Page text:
Crown Currency Exchange is one of Australia’s largest and leading foreign exchange companies. With over 20 years of experience in the foreign exchange market, we offer great rates on foreign currency and exceptional customer service. You can pick up foreign currencies from over 50 stores across Australia and get your travel money on the spot, locking in a fantastic exchange rate. Our stores are located in Canberra, Sydney, Brisbane, The Gold Coast, Adelaide, Tasmania, Melbourne & Perth.
Tipping is not common in Japan. It can be regarded as impolite and discourteous in a number of situations. Customers must pay for their meals at the front register at most Japanese restaurants rather than leaving money with the waiter or waitress. Tipping isn’t necessary for taxi or bus rides, and hotel services are also rarely tipped.
Overall, haggling is often looked down upon as being cheap and rude. This is especially true if you don’t know how to do it in a way that seems charming and confident. In Osaka, shopkeepers might be more open to bargaining, but they’re not going to do it with customers who they know will never return. Sorry, haggling just isn’t common in this country.
There are plenty of ATMs in Japan, and most will accept foreign cards. Look for the logos of MasterCard and Visa on the ATM, as these are the most widely accepted. You can also find ATMs at post offices and 7-11 stores. Just keep in mind that ATMs have a 100,000 yen per withdrawal limit, so you might need to make multiple withdrawals if you’re carrying a lot of cash.
For low-budget travellers, we recommend a daily budget of around 3,500 to 7,800 yen (AUD $37 to $83). This will allow you to stay in inexpensive accommodation, eat cheap meals, and do a moderate amount of sightseeing. Dormitories and hostels, which may be found in nearly every city and region of Japan, generally cost less than 3,500 yen (AUD $37) per person and night.
A mid-range daily budget of around 8,800 to 18,500 yen (AUD $94 to $197) can make your Japan trip more comfortable. Restaurants charge more for dinner than lunch because there are no lunch specials. However, at this level, you can afford fast food and most restaurants, including those found in department stores. A meal at these places typically costs between 1,000 to 2,500 yen (AUD $11 to $27) without alcoholic drinks.
For a luxury vacation in Japan, we recommend a daily budget of over 18,500 yen (AUD $198). Prices for admission to some museums and attractions can range from 1,000 yen (AUD $11) up to 3,000 yen (AUD $32) per person. For theme parks, the average cost is usually between 5,000 to 9,000 yen (AUD $53 to $96) per day. You can have a fulfilling meal at many restaurants for 3,000 yen (AUD $32) per person. However, if you want to dine at an upper-class establishment specialising in sushi, French cuisine, sukiyaki, kaiseki ryori, or steaks, be prepared to spend 5,000 yen (AUD $96) or more per person.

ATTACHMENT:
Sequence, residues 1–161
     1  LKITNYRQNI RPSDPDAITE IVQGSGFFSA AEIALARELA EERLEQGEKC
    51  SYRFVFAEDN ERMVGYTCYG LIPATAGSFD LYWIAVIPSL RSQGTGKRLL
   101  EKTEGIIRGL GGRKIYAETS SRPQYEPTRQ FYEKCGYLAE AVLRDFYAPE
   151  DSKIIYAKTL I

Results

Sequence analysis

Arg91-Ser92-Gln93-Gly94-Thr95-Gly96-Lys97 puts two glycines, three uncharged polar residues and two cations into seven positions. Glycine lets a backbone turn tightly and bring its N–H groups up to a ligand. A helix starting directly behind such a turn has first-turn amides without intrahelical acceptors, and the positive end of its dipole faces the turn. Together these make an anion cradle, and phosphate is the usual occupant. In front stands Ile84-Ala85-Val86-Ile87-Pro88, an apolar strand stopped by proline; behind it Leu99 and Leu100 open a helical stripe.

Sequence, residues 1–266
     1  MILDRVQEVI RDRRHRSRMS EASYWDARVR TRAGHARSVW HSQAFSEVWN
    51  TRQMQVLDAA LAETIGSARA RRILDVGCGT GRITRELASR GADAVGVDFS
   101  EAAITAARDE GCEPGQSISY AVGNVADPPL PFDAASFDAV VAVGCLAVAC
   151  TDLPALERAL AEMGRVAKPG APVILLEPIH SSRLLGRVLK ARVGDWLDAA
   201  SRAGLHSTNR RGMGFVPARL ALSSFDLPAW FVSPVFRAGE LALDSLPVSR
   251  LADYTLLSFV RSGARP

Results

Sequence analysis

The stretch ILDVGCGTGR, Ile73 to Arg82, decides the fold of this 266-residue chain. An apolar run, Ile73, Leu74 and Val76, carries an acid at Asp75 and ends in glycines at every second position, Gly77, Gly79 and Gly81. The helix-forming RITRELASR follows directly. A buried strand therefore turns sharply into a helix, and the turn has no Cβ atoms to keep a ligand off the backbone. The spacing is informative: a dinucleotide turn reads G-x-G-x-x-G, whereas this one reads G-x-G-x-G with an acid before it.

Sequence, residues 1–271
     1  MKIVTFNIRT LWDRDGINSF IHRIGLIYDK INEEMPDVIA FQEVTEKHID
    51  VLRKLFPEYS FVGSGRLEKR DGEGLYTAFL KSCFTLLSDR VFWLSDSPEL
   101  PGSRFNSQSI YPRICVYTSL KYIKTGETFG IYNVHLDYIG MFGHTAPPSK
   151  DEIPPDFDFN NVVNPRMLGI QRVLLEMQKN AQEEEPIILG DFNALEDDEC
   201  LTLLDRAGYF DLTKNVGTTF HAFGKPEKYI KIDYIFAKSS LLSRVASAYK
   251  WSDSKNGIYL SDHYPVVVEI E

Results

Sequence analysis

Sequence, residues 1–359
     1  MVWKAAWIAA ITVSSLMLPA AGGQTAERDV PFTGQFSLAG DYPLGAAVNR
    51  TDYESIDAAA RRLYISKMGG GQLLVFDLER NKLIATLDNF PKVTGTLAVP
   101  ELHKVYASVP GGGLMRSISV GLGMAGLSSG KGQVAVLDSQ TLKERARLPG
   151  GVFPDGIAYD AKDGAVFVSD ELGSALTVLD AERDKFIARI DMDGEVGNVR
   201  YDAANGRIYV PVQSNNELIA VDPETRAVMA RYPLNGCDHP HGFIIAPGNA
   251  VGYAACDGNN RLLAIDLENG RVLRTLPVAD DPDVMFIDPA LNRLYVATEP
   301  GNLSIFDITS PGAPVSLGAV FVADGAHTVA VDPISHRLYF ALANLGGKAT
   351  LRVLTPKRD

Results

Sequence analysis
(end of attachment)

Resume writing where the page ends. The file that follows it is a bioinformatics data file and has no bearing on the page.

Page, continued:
|Currency:||Japanese yen||Currency code:||JPY|
|Currency symbol:||¥||Central bank:||Bank of Japan|
|Nickname:||None||Currency sub-unit:||Sen = 1/100 of the yen | Rin = 1/1,000 of the yen|
|Bank notes:||¥1,000, ¥2,000 (very rare), ¥5,000, ¥10,000.||Coins:||¥1, ¥5, ¥10, ¥50, ¥100, ¥500|
Riding Japan’s bullet train is an experience you won’t forget. The train reaches top speeds of 602 km/h, making the journey from Brisbane to Perth in just under 8 hours.
You can’t complete your Japan vacation without trying sushi. This traditional Japanese dish is made with fresh, raw fish and vinegared rice. There are many different types of sushi, so you can try a variety and find your favourite.
Japan is home to many onsens or hot springs. Imagine soaking your tired body in a hot spring, surrounded by beautiful scenery. This is a perfect way to relax and rejuvenate yourself. Some famous onsens are located in Gunma, Oita, and Hokkaido.
Mount Fuji is Japan’s highest mountain, and it is also an active volcano. The last time it erupted was in 1707, but it is still considered active. You can hike to the summit or take a bus tour around the mountain. Either way, you’ll be able to see this magnificent mountain up close.
The Fushimi Inari Shrine is a Shinto shrine located in Kyoto. It is famous for its thousands of red torii gates leading up to the shrine with around 12,000 steps, It is a long walk, but it is definitely worth it. Walking through the gates is said to be a lucky experience, so make sure you do it when you’re in Kyoto!